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Joan Trumpauer Mulholland was a young white girl from Arlington, Virginia, when she came to realize the hypocrisy of her segregated church in which she learned songs such as “Jesus loves the little children, red and yellow, black and white.” When she left Duke University to join the movement, her mother, who had been raised in Georgia, “thought I had been sort of sucked up into a cult… Many of them went on to great success as lawyers, professors, politicians, and leaders of their own communities and other social justice movements.it went against everything she had grown up and believed in. They joined the struggle to not only shape their own futures, but to also open the possibilities of a more just world for the generations that came behind them.
At its height in the 1960s, the Civil Rights Movement drew children, teenagers, and young adults into a maelstrom of meetings, marches, violence, and in some cases, imprisonment.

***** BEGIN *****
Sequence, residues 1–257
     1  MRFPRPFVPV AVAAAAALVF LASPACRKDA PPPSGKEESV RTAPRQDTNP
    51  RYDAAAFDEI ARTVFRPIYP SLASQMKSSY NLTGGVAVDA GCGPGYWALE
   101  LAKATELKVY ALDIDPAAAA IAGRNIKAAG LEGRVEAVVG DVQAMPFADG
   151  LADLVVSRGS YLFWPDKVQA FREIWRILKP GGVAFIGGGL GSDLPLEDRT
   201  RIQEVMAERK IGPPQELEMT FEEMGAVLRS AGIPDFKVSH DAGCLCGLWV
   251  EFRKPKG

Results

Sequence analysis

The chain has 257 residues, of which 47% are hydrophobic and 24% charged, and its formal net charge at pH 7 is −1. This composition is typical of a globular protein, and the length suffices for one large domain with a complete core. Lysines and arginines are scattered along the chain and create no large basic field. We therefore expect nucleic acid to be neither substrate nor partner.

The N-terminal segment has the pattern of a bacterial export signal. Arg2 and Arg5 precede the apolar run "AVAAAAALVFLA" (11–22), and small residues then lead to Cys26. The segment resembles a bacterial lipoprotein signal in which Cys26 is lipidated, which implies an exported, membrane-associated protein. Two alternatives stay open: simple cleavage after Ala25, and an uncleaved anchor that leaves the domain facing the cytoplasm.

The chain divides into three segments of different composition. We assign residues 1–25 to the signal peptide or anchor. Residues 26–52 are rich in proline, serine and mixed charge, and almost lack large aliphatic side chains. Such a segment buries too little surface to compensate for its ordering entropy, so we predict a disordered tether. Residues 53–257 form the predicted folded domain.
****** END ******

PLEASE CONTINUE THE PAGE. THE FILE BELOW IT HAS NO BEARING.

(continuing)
Why did so many young people decide to become activists for social justice?
While sitting in the back of church one Sunday, his ears perked up when he heard a man speak about a march for integrated schools.
A math geek, Hrabowski was excited about the possibility of competing academically with white children.
twitter facebook Ordinary People&body="One Big Birthday Present": Judith Guest on Robert Redford's Adaptation of Ordinary People class="wac-social-link email", was published, I got a letter from Robert Redford telling me that he’d received my manuscript from his reader in New York City and wanted to let me know how much he’d enjoyed it.
I was thrilled, but it didn’t occur to me that this meant he was interested in making it into a film, until my publisher called to say there had been three movie offers on it.
I remember so clearly Uncle Archie who was in World War I, went to France, and he always told us, ‘Your generation is going to change things.’” Several activists interviewed for the Civil Rights History Project were in elementary school when they joined the movement.
Freeman Hrabowski was 12 years old when he was inspired to march in the Birmingham Children’s Crusade of 1963.
That’s how I can remember that I was not ten years old.
And I – we were talking about our experiences and our negotiation – and I suggested, made a motion that we would go down to Katz Drug Store and just sit, just sit and sit until they served us.” This protest led to the desegregation of the drug store’s lunch counter in Oklahoma City. How do you negotiate or maneuver around the administration?